Every October I do a little check-in on all the best loved horror movies I missed in the last year. Then I forget all about those in favor of watching the same five movies I know and love.
Here they are, in no particular order:
This movie is so much fun it should be a crime. A semi-sequel to the original Night of the Living Dead, minus George Romero, but plus Dan O’Bannon and a heap of new-wave/punk rock style, Return epitomizes my favorite kind of Halloween movie. It’s a horror-comedy that doesn’t skimp on either aspect. The tension escalates wonderfully, while also giving the viewer some bombastically fun release in loud, goofy musical numbers and over-the-top characters. Return introduces us to the zombies-that-say-BRAAAIINS trope, and some might be surprised to learn that it was always intended to be silly. You may think you’ve seen enough zombies in movies and tv, and I definitely feel you on that. But if you haven’t seen this one yet, I can’t recommend it highly enough.
Michael Haneke’s 2007 slasher is easily the most divisive film on this list, but I will ride or die for Funny Games. Many criticize the fact that it’s nearly shot-for-shot identical to the German-language ‘97 original (also by Haneke). Many dislike how it seems to thumb its nose at the audience, daring us to enjoy the sickness on display. Many simply think it’s a bog-standard thriller with some pretentious flourishes. Me, I think it’s the best thing to happen to the genre since Michael Myers developed an interest in cutlery. Haneke is constantly playing with the viewers’ experience, building tension to an unbearable level and then deflating it in a surprising way. By the end you are begging for catharsis, but the movie won’t let you off the hook that easily. Love it or hate it, it’s probably gonna stick with you.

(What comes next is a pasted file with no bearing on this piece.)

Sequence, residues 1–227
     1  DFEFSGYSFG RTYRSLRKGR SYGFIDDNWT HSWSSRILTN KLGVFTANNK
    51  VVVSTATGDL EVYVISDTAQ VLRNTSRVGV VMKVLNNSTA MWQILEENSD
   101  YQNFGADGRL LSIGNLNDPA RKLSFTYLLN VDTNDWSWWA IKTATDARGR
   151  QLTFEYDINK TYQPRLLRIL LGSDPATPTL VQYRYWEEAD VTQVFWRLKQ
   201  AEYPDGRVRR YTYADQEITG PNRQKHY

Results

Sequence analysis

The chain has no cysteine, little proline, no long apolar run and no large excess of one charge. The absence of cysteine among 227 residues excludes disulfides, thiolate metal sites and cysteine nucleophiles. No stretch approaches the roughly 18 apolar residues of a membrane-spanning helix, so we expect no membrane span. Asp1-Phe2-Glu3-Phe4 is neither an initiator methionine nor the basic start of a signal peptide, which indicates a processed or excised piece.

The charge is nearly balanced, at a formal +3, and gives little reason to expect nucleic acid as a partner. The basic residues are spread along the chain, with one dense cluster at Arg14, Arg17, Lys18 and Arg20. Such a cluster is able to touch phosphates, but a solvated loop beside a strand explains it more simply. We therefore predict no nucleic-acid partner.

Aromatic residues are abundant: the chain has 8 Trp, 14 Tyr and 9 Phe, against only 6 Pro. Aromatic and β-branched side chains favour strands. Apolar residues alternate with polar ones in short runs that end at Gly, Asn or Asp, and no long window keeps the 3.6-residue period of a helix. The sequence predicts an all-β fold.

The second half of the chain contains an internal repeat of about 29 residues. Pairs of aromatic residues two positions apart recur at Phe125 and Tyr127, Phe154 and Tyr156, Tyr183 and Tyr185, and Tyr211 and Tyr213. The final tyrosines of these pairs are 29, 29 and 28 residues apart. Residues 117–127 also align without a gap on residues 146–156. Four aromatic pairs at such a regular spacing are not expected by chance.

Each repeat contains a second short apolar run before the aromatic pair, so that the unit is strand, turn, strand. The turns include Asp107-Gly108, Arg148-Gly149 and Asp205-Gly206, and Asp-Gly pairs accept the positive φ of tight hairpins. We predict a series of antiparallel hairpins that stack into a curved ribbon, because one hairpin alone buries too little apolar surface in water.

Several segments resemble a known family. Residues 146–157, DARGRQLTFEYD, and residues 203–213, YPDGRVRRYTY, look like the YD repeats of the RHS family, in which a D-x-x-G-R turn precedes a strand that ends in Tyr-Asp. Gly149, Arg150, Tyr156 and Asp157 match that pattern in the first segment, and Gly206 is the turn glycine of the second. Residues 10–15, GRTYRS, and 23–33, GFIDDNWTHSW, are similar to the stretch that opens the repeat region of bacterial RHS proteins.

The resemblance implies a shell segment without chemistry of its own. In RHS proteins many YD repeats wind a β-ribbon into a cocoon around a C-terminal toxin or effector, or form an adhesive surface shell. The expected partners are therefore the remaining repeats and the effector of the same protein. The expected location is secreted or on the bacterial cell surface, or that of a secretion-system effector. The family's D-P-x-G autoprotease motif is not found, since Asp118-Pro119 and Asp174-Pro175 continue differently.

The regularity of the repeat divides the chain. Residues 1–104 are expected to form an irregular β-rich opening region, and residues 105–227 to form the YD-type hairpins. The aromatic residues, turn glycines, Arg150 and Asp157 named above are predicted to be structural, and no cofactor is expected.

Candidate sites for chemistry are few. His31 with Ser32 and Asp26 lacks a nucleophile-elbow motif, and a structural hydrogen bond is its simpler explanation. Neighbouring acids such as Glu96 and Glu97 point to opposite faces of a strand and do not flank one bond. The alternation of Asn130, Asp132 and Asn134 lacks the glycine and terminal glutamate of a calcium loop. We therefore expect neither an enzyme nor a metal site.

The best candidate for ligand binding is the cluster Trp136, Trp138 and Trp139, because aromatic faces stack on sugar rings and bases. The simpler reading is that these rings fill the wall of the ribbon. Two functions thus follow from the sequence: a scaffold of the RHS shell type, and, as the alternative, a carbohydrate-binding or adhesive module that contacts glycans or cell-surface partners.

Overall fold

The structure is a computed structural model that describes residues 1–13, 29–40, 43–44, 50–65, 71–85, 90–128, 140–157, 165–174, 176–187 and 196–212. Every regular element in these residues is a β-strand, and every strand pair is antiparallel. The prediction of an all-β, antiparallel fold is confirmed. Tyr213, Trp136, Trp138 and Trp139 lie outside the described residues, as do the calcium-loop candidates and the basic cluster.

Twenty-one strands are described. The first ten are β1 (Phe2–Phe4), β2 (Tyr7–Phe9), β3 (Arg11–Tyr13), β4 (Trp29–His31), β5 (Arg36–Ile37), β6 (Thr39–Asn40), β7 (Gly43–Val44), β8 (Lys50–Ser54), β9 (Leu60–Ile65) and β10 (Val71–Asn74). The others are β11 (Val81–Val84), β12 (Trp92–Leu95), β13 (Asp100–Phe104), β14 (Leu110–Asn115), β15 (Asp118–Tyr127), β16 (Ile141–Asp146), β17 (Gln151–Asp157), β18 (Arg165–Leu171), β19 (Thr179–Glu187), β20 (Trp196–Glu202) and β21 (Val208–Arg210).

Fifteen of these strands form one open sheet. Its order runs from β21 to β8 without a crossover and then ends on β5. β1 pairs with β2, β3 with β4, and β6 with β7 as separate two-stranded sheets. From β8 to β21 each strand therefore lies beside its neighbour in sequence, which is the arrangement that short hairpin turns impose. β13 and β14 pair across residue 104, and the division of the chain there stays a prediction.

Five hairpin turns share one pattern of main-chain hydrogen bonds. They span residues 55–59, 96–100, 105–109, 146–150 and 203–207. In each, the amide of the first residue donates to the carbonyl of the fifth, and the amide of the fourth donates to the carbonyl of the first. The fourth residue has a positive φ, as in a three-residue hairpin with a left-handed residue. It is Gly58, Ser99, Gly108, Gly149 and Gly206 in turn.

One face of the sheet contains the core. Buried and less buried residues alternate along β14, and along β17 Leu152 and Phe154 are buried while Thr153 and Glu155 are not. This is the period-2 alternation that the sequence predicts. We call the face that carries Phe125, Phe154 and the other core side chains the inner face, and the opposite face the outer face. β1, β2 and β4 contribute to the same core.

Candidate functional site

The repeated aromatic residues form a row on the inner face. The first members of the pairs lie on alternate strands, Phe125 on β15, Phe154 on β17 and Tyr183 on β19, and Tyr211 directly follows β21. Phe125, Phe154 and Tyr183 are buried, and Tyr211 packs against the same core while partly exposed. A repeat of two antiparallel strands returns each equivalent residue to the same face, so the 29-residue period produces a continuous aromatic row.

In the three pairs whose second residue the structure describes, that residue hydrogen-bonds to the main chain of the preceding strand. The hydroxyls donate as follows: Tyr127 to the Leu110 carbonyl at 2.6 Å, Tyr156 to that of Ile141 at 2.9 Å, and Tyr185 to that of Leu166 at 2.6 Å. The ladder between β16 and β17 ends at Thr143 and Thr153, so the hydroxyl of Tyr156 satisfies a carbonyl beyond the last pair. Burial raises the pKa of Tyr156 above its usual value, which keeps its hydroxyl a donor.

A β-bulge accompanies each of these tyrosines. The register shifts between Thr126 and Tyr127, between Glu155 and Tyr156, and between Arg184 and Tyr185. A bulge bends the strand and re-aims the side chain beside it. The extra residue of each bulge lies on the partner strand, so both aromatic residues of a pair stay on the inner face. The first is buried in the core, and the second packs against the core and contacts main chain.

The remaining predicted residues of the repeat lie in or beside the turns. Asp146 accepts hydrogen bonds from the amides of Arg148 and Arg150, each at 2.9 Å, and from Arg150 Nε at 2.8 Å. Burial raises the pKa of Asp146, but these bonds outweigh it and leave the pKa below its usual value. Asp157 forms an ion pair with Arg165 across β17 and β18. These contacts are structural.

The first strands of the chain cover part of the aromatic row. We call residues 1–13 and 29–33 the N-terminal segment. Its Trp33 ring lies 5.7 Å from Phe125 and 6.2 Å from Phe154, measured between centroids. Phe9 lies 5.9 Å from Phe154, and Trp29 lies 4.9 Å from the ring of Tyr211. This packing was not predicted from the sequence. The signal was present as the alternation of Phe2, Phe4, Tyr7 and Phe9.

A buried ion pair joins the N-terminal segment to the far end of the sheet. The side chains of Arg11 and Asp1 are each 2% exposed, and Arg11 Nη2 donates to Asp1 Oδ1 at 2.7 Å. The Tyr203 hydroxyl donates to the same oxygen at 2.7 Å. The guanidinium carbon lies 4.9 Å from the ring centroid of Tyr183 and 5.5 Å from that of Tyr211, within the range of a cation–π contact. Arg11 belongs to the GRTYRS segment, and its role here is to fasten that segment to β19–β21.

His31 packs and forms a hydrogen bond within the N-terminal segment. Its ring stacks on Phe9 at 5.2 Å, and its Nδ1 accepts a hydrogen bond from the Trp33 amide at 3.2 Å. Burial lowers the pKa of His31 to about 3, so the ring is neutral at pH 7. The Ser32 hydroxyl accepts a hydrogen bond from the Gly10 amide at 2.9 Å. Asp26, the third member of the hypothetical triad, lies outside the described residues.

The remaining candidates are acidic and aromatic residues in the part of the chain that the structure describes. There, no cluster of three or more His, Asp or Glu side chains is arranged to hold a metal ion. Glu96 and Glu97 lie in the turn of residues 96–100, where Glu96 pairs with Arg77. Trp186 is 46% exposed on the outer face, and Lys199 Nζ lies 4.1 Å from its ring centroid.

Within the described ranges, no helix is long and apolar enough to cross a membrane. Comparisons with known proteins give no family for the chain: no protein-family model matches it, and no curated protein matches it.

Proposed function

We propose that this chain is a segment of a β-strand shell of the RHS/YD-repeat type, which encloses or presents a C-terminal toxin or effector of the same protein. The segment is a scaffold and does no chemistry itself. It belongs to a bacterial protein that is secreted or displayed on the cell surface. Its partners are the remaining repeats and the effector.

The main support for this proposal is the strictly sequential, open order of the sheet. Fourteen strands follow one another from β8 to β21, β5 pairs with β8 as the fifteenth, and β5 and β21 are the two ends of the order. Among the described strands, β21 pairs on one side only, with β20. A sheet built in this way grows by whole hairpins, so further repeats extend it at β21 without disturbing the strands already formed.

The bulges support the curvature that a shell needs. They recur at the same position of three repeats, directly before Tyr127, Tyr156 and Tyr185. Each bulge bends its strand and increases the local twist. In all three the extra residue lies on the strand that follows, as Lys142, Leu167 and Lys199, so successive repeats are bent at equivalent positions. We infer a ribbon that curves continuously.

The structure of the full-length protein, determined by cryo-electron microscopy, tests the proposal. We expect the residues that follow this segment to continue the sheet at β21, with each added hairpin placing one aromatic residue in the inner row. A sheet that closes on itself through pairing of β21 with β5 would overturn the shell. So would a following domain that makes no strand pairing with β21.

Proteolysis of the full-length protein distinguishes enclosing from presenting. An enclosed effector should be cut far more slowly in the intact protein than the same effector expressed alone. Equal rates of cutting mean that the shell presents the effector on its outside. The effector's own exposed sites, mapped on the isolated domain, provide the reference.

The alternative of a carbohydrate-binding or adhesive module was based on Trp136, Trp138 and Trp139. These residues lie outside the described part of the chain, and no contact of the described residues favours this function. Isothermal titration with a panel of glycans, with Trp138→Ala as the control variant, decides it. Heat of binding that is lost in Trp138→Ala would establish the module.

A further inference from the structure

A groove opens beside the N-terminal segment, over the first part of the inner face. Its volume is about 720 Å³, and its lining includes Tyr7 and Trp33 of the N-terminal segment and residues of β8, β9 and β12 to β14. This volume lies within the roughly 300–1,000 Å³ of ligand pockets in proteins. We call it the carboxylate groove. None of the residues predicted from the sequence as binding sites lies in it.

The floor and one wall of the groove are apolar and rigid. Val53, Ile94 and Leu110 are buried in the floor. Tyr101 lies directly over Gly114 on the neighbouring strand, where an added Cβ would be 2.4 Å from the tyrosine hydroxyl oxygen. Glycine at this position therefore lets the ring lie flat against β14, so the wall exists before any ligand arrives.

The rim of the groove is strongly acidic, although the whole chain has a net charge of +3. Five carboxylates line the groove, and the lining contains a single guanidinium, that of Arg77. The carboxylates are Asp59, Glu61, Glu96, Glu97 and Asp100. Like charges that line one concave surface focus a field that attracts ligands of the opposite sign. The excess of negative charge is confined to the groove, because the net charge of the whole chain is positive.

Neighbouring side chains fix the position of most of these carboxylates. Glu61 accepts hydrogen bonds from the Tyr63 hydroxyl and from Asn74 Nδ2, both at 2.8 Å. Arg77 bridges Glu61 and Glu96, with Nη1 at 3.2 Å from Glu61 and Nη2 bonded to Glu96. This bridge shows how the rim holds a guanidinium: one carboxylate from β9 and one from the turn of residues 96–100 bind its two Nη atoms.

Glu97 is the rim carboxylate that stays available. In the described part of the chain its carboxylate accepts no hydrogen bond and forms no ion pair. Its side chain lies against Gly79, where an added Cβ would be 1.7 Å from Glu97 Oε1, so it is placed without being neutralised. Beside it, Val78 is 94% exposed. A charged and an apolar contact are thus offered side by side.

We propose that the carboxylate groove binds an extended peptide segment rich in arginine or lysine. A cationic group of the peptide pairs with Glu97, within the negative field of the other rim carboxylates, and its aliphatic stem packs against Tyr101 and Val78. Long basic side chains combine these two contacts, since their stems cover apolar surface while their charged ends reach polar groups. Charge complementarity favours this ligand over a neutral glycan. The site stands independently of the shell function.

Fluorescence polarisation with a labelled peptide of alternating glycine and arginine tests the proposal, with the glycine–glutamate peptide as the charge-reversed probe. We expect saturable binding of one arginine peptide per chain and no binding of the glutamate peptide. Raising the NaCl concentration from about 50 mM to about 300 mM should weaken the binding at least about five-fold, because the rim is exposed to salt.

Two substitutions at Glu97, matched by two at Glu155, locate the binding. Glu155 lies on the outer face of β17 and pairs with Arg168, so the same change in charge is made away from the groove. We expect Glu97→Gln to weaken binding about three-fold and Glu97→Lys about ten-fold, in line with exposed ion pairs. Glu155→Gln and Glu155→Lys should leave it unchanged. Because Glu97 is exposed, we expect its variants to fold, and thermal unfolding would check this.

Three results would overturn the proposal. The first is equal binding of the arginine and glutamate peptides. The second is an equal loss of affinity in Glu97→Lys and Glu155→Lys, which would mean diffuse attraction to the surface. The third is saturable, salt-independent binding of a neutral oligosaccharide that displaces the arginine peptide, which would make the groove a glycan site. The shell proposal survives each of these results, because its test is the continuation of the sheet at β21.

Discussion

Taika Waititi’s mockumentary may not be scary, but it’s still a perfect pick for October viewing. What We Do in the Shadows perfectly reformulates horror tropes into the best kind of shaggy-dog comedy. The stakes (har har) remain low throughout, even as the body count rises and other supernatural threats enter the picture. This movie lives and dies on the strength of its main performances, and thankfully they are transcendent. Go watch this.
Bubba Ho-Tep, like Return of the Living Dead, falls right into my movie-lovin’ sweet-spot. It has the kind of premise that will either make you an instant fan or leave you totally baffled: elderly Elvis and JFK battle a mummy attacking a Texas nursing home. Although it’s definitely a horror-comedy, it’s got some surprising cred for horror buffs; It’s adapted from a short story by legendary author Joe Lansdale, and set in his preferred milieu of East Texas. It was directed by Don Coscarelli, the writer and director of horror classic Phantasm. And of course it stars Ash Williams himself, Bruce Campbell, as The King, alongside Ossie Davis as JFK. Perhaps the most remarkable thing about it is how it manages to balance its campy premise with some real pathos. Campbell’s performance in particular hits some really touching notes as he comes to terms with aging in a world that no longer needs or wants him.
John Carpenter is one of those directors whose works I revere to an uncomfortable degree. Between Big Trouble in Little China, The Thing, and They Live, he’s earned a lifetime pass with me. That being said, his movies haven’t always been too terribly consistent. In the midst of what could be called his professional nadir (culminating in 2001's guilty-pleasure trash Ghosts of Mars) Carpenter turned to horror literature for inspiration. Here he cobbles together some of the best bits of H.P. Lovecraft’s mythos with nods to Steven King in creating horror author Sutter Cane (played by Jurgen Prochnow) and the New England town of Hobb’s End. Sam Neill stars as John Trent, the consummate skeptic, tasked to find Cane on behalf of his publisher. As you might expect, things take a turn for the supernatural; as Trent digs deeper his reality is turned upside down, and vaguely sinister omens give way to literally horrifying monstrosities. Although it’s not a direct adaptation, In the Mouth of Madness comes the closest I’ve seen to really nailing a Lovecraftian feel.
So that’s my list! Now tell me about yours! Honorable mentions go to Monster Squad, Shaun of the Dead, You’re Next, and Poltergeist.